Get the latest market trends in your inbox

Stay on top of the latest market trends and economic insights with the Axios Markets newsletter. Sign up for free.

Please enter a valid email.

Please enter a valid email.

Subscription failed
Thank you for subscribing!

Catch up on coronavirus stories and special reports, curated by Mike Allen everyday

Catch up on coronavirus stories and special reports, curated by Mike Allen everyday

Please enter a valid email.

Please enter a valid email.

Subscription failed
Thank you for subscribing!

Denver news in your inbox

Catch up on the most important stories affecting your hometown with Axios Denver

Please enter a valid email.

Please enter a valid email.

Subscription failed
Thank you for subscribing!

Des Moines news in your inbox

Catch up on the most important stories affecting your hometown with Axios Des Moines

Please enter a valid email.

Please enter a valid email.

Subscription failed
Thank you for subscribing!

Minneapolis-St. Paul news in your inbox

Catch up on the most important stories affecting your hometown with Axios Minneapolis-St. Paul

Please enter a valid email.

Please enter a valid email.

Subscription failed
Thank you for subscribing!

Tampa-St. Petersburg news in your inbox

Catch up on the most important stories affecting your hometown with Axios Tampa-St. Petersburg

Please enter a valid email.

Please enter a valid email.

Subscription failed
Thank you for subscribing!

Please enter a valid email.

Please enter a valid email.

Subscription failed
Thank you for subscribing!
Expand chart
Note: 2018 data is provisional; Data: Centers for Disease Control; Chart: Axios Visuals

Fewer Americans died from drug overdoses last year than the year before. It's the first time that number has gone down in almost 30 years.

Yes, but: This progress is both fragile and modest. Overdose deaths fell by about 5% last year, according to provisional data from the federal government. But overdose deaths rose by roughly 316% between 1999 and 2017. There's still a long way to go, and more than 68,000 Americans still died of overdoses last year.

  • "Lives are being saved, and we're beginning to win the fight against this crisis," Health and Human Services Secretary Alex Azar said in a statement yesterday.
  • "This crisis developed over two decades and it will not be solved overnight," Azar said.
  • Overdoses from prescription opioids are falling, but deaths from fentanyl, cocaine and meth all continued to increase last year.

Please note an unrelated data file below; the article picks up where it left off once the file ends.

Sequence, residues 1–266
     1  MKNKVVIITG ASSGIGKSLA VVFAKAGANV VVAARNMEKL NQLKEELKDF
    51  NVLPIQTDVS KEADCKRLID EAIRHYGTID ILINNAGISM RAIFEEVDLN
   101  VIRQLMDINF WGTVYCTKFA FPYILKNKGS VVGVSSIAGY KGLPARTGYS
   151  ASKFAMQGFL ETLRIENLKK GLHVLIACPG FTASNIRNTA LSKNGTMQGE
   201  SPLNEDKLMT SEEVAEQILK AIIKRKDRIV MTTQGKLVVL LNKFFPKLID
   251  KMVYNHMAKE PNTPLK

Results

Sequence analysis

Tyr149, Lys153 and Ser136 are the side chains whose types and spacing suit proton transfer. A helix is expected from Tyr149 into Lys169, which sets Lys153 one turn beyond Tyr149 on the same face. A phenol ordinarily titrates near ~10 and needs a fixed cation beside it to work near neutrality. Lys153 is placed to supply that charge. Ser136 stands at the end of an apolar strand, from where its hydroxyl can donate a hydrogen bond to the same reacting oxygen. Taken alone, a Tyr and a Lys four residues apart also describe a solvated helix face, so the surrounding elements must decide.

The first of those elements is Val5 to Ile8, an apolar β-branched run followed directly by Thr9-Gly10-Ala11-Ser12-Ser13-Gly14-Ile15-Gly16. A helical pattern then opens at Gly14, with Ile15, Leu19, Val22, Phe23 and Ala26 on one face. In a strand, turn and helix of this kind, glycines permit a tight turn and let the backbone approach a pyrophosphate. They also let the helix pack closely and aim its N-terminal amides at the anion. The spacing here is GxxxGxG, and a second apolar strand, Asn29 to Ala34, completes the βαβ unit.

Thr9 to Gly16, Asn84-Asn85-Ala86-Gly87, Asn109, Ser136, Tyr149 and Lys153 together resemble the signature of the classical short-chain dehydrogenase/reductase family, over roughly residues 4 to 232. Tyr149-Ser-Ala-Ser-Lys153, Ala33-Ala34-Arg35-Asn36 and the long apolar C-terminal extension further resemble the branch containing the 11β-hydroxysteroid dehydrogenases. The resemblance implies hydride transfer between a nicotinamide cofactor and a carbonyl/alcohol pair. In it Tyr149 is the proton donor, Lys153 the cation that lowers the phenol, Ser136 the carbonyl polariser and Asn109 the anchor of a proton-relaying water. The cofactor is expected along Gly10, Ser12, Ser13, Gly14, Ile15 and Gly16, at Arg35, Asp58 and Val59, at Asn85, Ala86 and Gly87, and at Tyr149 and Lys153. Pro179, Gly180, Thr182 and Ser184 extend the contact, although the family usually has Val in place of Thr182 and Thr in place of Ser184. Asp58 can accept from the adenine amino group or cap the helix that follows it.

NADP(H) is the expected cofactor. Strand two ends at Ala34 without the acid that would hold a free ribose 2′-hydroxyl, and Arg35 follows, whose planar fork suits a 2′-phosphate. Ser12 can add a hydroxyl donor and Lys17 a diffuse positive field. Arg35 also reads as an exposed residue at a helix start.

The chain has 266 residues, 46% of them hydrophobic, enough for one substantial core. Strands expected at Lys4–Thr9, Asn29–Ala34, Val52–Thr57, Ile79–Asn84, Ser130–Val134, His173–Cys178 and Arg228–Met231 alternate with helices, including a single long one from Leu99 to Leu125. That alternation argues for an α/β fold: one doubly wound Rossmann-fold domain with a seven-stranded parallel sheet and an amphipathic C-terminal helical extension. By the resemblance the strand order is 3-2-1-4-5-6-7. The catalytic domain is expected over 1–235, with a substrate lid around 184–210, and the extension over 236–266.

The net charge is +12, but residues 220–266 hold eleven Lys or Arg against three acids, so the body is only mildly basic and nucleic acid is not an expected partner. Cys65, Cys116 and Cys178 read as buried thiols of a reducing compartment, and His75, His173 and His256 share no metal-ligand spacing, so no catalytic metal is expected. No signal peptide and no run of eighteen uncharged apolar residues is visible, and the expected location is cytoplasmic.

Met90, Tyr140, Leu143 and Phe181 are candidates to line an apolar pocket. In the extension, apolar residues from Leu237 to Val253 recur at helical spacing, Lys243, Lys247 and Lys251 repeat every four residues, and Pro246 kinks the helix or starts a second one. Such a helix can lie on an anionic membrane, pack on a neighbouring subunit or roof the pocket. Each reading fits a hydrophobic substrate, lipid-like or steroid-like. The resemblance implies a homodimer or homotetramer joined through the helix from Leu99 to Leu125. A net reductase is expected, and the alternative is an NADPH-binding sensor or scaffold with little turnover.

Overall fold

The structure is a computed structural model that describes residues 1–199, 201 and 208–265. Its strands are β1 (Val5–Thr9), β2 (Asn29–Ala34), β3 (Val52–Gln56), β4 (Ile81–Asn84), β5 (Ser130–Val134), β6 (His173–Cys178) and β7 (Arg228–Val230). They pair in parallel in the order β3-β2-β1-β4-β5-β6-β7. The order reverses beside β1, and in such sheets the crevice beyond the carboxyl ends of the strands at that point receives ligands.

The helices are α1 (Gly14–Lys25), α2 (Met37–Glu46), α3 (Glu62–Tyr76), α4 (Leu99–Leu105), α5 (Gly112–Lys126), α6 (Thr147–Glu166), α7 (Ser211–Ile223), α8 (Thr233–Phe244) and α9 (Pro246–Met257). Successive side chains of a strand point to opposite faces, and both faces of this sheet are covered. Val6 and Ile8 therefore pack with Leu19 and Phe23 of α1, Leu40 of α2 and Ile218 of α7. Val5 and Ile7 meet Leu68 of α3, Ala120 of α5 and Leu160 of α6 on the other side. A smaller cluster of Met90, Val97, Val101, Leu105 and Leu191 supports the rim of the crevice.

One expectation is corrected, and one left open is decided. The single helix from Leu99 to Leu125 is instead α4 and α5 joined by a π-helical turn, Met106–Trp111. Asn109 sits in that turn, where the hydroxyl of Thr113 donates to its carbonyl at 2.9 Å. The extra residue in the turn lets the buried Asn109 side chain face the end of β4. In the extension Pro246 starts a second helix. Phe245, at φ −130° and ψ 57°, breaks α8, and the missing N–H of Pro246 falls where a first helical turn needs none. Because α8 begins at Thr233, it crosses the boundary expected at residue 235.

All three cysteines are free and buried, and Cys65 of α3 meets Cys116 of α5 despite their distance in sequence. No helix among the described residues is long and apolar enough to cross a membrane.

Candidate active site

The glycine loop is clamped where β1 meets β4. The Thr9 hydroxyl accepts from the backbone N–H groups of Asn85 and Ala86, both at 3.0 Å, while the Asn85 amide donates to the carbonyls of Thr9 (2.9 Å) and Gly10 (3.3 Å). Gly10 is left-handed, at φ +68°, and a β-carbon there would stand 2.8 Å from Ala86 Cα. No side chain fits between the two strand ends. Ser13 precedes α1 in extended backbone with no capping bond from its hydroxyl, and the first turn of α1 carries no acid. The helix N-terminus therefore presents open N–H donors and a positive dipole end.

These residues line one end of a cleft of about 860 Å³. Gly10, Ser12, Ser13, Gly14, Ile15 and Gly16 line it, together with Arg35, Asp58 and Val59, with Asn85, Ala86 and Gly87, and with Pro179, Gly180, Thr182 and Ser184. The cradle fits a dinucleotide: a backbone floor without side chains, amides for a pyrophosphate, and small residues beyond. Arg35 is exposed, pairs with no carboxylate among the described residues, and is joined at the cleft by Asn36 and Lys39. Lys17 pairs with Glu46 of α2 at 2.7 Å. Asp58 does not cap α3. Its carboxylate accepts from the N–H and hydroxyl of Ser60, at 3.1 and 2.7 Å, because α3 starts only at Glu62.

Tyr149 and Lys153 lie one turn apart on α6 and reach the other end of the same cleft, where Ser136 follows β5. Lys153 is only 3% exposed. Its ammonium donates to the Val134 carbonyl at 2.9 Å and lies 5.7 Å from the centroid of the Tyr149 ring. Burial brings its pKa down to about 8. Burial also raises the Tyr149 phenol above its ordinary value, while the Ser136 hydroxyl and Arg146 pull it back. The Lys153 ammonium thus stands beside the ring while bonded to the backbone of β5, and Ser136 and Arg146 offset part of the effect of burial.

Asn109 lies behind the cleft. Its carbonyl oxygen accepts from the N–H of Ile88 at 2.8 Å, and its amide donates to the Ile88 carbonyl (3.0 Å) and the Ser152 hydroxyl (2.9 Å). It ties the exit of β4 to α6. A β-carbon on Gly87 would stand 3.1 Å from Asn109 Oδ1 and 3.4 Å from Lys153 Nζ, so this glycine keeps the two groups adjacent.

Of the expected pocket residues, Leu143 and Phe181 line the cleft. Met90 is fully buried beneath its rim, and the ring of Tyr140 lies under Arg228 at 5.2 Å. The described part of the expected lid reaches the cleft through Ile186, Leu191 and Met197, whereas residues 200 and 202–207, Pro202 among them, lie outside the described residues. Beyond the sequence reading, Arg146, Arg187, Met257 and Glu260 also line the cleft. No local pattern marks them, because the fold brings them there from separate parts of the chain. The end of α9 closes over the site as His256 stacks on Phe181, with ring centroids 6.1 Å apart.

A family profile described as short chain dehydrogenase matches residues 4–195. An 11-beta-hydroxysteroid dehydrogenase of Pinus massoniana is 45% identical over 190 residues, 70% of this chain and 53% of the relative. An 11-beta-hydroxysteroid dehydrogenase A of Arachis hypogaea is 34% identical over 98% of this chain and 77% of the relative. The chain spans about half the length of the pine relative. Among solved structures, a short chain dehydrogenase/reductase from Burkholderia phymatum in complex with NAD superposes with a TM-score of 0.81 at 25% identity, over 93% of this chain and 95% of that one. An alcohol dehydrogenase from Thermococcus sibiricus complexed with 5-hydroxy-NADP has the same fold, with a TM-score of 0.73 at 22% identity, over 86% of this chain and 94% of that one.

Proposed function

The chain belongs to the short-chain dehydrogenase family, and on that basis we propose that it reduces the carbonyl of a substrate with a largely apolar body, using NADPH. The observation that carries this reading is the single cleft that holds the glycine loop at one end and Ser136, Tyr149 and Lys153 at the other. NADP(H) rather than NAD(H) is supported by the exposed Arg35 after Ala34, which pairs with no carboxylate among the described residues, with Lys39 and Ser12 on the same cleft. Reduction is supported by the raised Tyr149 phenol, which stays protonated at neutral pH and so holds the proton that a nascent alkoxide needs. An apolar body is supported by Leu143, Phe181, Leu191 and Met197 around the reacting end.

Between the lines: The decline in overall mortality appears to be driven mainly by a decline in the abuse of prescription painkillers. But overdoses involving fentanyl, cocaine and meth are all continuing to increase.

  • Naloxone, the drug that reverses the immediate effects of an overdose, has also become much more widely available as the crisis has worsened, and that is all but certainly helping to save lives.
  • But it's not clear whether efforts to get people into longer-term treatment programs are making a dent yet, given the rising demand for illegal drugs.

Go deeper: How to change treatment for opioid addiction

Go deeper

Biden taps Brian Deese to lead National Economic Council

Brian Deese (L) in 2015 with special envoy for climate change Todd Stern (C) and Secretary of State John Kerry (R). Photo: Mandel Ngan/AFP via Getty Images

President-elect Joe Biden announced Thursday that he has selected Brian Deese, a former Obama climate aide and head of sustainable investing at BlackRock, to serve as director of the National Economic Council.

Why it matters: The influential position does not require Senate confirmation, but Deese's time working for BlackRock, the world's largest asset manager and an investor in fossil fuels, has made him a target of criticism from progressives.

Felix Salmon, author of Capital
35 mins ago - Economy & Business

The places regulation does not reach

Illustration: Aïda Amer/Axios

Financial regulation is not exactly simple anywhere in the world. But one country stands out for the sheer amount of complexity and confusion in its regulatory regime — the U.S.

Why it matters: Important companies fall through the cracks, largely unregulated, while others contend with a vast array of regulatory bodies, none of which are remotely predictable.

1 hour ago - Economy & Business

Boeing gets huge 737 Max order from Ryanair, boosting hope for quick rebound

Ryanair low cost airline Boeing 737-800 aircraft as seen over the runway. Photo by Nik Oiko/SOPA Images/LightRocket via Getty Images

Dublin-based Ryanair said it would add 75 more planes to an existing order for Boeing's 737 Max airplanes, a giant vote of confidence as Boeing seeks to revive sales of its best-selling plane after a 20-month safety ban following two fatal crashes.

The big picture: Ryanair's big order, on the heels of breakthrough vaccine news, is also a promising sign that the devastated airline industry might recover from the global pandemic sooner than expected.